Monday, September 24, 2012

Will the real party of the rich please stand up?

The release of more of Mitt Romney’s tax returns on his campaign website recently is sure to spark a new discussion on wealth and politics. A letter from Romney’s accountants notes that the Romneys paid an average federal tax rate of 20.2 percent between 1990 and 2009. In 2011, the Romney’s paid an effective rate of 14.1 percent on a taxable income of $13.7 million. Romney’s income was mostly from investment returns which had already been taxed as the corporate income. The U.S. has the world’s highest tax rate on corporate income.

Democrats have long accused the Republicans of being the party of the rich and have attacked Romney’s nomination on the grounds that he would cut taxes on the wealthy and raise them on everyone else. In reality, both Romney and President Obama are millionaires, as are almost half of the members of Congress.

According to the Center for Responsive Politics 47 percent of congressional representatives are millionaires. In the current term, Republicans have 110 millionaires in the House of Representatives compared with 73 Democrats. In the Senate, Democratic millionaires outnumber Republicans 37-30. These numbers are probably a reflection of the fact that the Republicans hold a majority in the House while Democrats control the Senate.

In Georgia, 11 Alive reports that three of the top four representatives are Republican. Rep. Tom Price (R-6) is the wealthiest, followed by Senator Johnny Isakson and Rep. Phil Gingrey (R-11). At fourth is the wealthiest Georgia Democrat, Rep. John Barrow (D-12). Since 2010, Republicans hold eight of Georgia’s 13 House seats and both Senate seats.

For the poorest Georgia representatives, the reverse is true. Rep. Lynn Westmoreland (R-3) is the poorest Republican. Below him are Democrats John Lewis (D-5), Hank Johnson (D-4) and Sanford Bishop (D-2). Interestingly, 11 Alive notes that Johnson has a net worth of zero and Bishop has an estimated net worth of negative $159,496. Bishop’s debt stems from legal bills from a GBI investigation into possible nepotism according to a report from Macon’s WMAZ. Bishop was cleared of wrongdoing.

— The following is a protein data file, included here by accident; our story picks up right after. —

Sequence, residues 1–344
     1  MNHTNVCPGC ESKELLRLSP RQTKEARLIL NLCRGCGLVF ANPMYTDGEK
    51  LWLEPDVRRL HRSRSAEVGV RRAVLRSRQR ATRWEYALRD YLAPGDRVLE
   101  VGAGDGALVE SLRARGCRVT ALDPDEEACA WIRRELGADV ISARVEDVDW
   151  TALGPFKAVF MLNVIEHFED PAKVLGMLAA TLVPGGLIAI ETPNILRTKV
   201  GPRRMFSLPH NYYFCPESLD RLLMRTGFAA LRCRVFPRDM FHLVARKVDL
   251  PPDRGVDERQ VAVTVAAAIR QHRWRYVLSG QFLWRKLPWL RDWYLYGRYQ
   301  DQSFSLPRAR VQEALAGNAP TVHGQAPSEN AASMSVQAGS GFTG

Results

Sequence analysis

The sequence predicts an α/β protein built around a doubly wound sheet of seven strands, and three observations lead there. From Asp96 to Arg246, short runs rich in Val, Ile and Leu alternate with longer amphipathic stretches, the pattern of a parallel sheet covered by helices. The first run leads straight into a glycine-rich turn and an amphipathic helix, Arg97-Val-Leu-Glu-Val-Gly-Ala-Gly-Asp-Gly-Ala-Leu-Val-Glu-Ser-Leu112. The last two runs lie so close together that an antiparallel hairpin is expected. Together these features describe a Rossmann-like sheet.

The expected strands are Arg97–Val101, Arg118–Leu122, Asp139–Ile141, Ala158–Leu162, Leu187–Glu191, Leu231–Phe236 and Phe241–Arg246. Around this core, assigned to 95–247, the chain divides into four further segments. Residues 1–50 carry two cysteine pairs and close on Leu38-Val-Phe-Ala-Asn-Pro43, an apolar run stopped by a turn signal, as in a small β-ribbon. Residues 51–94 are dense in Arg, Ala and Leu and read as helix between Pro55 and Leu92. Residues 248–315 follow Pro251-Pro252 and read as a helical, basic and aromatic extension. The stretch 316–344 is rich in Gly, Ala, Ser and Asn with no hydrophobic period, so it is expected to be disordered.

CNN exit polls from 2008 show that it was Barack Obama who won the millionaire vote that year. Obama won the majority of voters who earn more than $200,000 by a margin of 52-46 percent. Obama also won majorities of voters who earn less than $50,000. John McCain won most of the middle class vote however.

According to CNN’s polling from 2004, George W. Bush handily won both the middle and upper class vote. John Kerry only prevailed with voters who earned less than $50,000. Polling Report shows similar results from 2000. Al Gore won the lower income vote while upper and middle class voters went for Bush.

In general, wealthy voters seem to alternate between the Republicans and Democrats while the Democrats always win lower income voters and the Republicans win the middle class. The last time that a Democrat won the middle class was in 1996 according to CNN when Ross Perot acted as a spoiler and stripped votes away from Republican Bob Dole. The wealthy voted for Dole that year.

A similar result was found in 1992 when Clinton faced George Herbert Walker Bush and Ross Perot. Bush and Clinton split the wealthy vote at 41 percent each according to CNN, but Clinton won both lower and middle class voters.

An interesting experiment is to correlate the ten wealthiest zip codes with political preference. Of these, six are represented by Democrats and four by Republicans. The wealthiest zip code in the country is represented in Congress by Henry Waxman, a California Democrat. The wealthiest Republican zip code is represented by Allen West of West Palm Beach, Fl. In one St. Louis, Mo. zip code ranked eighth on the list there are three representatives. Two Democrats represent half the zip code while one Republican represents the other half.

In contrast, when the poorest zip codes are examined, Democrats represent seven of the bottom ten. The poorest zip code in the country is in the Andover, Mass. district of Democrat Nikki Tsongas.

When the entire congressional district’s wealth is considered, the results are much the same. lists the top five congressional districts by income. Of these, the top three are Democratic. The fourth and fifth place districts are Republican.

With respect to the current presidential election, recent polling by Gallup supports the historical trend of low income voters supporting Democrats and Romney wins voters who earn between $48,000 and $99,000. Obama wins a slice of upper middle class voters from $90,000 to $120,000. Currently, Mitt Romney is the favorite of voters who earn more than $120,000 with an almost double digit lead.

In general it can be said that the Democrats have a lock on lower income voters while Republicans almost always win the middle class. Neither party is the exclusive province of wealthy voters, however. The wealthy vote for different goes for candidates of different parties and candidate of the wealthy does not always win. It can be said however, that most of the wealthiest congressional districts do vote Democrat.

Originally published on

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